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Leading by imagination: Are you a moonshot thinker?

Thank you to everyone who participated in the first #2020pulse. It turns out we are an ambitious bunch! An overwhelming 80% of respondents would describe themselves as such.

– I love knowing I’m part of such an ambitious LinkedIn family! There are three big things I’ve always believed about ‘ambition’: 

  1. It’s charged by the ecosystem around it…which is why I’m grateful you’re all in my orbit
  2. It grows hungrier in adversity… a silver lining to a thus far very tough start to 2020 
  3. It’s the difference between the talkers and the doers… so I’m excited to see what you all make happen in 2020

Let’s dive into some data.

Sparking the ecosystem

Looking at the hundreds of pulse responses all forming a piece of the statistical pie, I can’t help but think of the micro-moments involved. Each of the people who choose to click yes, thinking big is a priority for me formed an incredible 90% wedge. What does it take for each of these individuals to unleash their vision on the world?

Astro Teller of Google X’s ‘Moonshot Factory’ says “what the nice neat media stories never quite capture or admit to is the feeling in the pit of your stomach when you’re not sure what to do to get from where you are to where you want to be” (Astro Teller, Wired, 2015). It’s this dark side of moonshots –  the not knowing – that adds rocket fuel to the fire. It is the trajectory where uncertainty breeds curiosity rather than fear. 

‘We chose to go to the moon’, John F. Kennedy said, ‘not because it was easy … but because it was hard’. Kennedy knew how to harness human brainpower and public support. He realised that the size of the challenge actually motivates people: the unknown is the multiplier in the cognitive equation. The complexity and scale of the problems facing the world today require a cease and desist with business as usual.

What do we need to do to create the conditions for moonshot thinking to succeed?

Inspiring confidence

When thinking big is a priority for 90% of us, ‘ambitious’ is a self-selected descriptor for 80% of us and moonshots are an actual focus for 65% of us – where is the decrease in aspiration to execution coming from?

Interestingly, the gap between thinking big and moonshot endeavours is 25%, a gap further reflected in the data telling us that 22% of people admit I need more confidence to achieve a moonshot. A lack of mentors is identified as a barrier for 16% which presents an interesting picture of how we could unlock potential. When we think of brilliant minds in the past, the Franklins, the Jobs and the Curies, were they operating as part of a thriving ecosystem? Or were they lone misfits and mavericks? What role do we play in supporting each other to aim higher?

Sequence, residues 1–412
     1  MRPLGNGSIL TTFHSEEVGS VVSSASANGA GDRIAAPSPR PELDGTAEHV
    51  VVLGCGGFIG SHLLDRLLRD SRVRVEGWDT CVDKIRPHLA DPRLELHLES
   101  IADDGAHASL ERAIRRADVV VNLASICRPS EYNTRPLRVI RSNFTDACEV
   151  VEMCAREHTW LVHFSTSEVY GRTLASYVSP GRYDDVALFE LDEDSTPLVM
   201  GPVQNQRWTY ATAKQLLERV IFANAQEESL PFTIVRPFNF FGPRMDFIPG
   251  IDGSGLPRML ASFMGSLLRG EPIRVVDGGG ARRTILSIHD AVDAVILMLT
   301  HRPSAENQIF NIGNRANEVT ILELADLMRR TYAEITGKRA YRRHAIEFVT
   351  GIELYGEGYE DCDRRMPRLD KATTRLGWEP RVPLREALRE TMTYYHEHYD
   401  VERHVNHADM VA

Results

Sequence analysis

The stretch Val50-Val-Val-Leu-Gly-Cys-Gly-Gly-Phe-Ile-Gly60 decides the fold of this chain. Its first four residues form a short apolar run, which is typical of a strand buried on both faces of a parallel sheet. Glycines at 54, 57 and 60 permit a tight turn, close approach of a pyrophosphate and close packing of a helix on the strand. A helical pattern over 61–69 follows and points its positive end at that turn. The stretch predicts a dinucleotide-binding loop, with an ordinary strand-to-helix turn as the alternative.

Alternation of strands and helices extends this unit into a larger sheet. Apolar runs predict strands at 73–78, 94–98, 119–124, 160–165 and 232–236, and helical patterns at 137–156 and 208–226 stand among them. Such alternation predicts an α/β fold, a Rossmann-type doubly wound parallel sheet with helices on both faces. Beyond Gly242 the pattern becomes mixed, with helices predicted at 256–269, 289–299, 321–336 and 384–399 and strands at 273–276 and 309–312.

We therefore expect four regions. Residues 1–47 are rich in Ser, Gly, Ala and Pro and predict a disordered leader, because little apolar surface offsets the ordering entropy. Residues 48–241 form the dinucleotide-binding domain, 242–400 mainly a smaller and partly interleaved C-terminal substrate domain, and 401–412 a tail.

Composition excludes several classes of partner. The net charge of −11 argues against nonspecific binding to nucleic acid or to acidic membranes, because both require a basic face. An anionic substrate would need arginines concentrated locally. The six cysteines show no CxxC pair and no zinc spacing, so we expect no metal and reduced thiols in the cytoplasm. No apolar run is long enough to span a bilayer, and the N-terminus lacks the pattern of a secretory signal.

Jim Adams served as NASA’s Deputy Director of the Planetary Science Division and was responsible for a $1.5 billion annual budget for many missions. He says, ‘A Moonshot event may appear to the public to have happened in a singular moment. But in fact, these grand projects are accomplished by a team that has set aside their own egos and personal agendas to do what needs to be done.’ (Sustainable Brands, 2019)

I really enjoy the concept of the first follower. The idea that confidence is born of that relationship. The intimate moment of trust, shared inspiration and the cumulative energy that gathers thereafter. I have a friend who says ‘ideas are cheap’ and another who says ‘ideas well-executed are priceless”. Collective investment is a key component to any moonshot. Without cumulative energy propelling us forward, collective appetite for risk and diverse cognitive ability to offset each other’s biases, we try to solve new problems using old questions. 

Dr Christyl Johnson from NASA says, “So many times an idea for a solution is developed with a single purpose in mind, but when you step outside of your framework and consider possible applications in other markets, you may be just the missing key for transformation for that market.” Inspiration is the exponential ‘X’ factor in moonshots.

Beyond what we know

Time is the second most critical moonshot barrier. When choosing what we need more of in order to be a moonshot thinker, 19% of us say we could activate our vision if we just had more time. So even though humans today are more productive, process far more data and have a higher IQ average than we did even a generation ago, some of us are feeling considerably stretched by what’s already on our plate.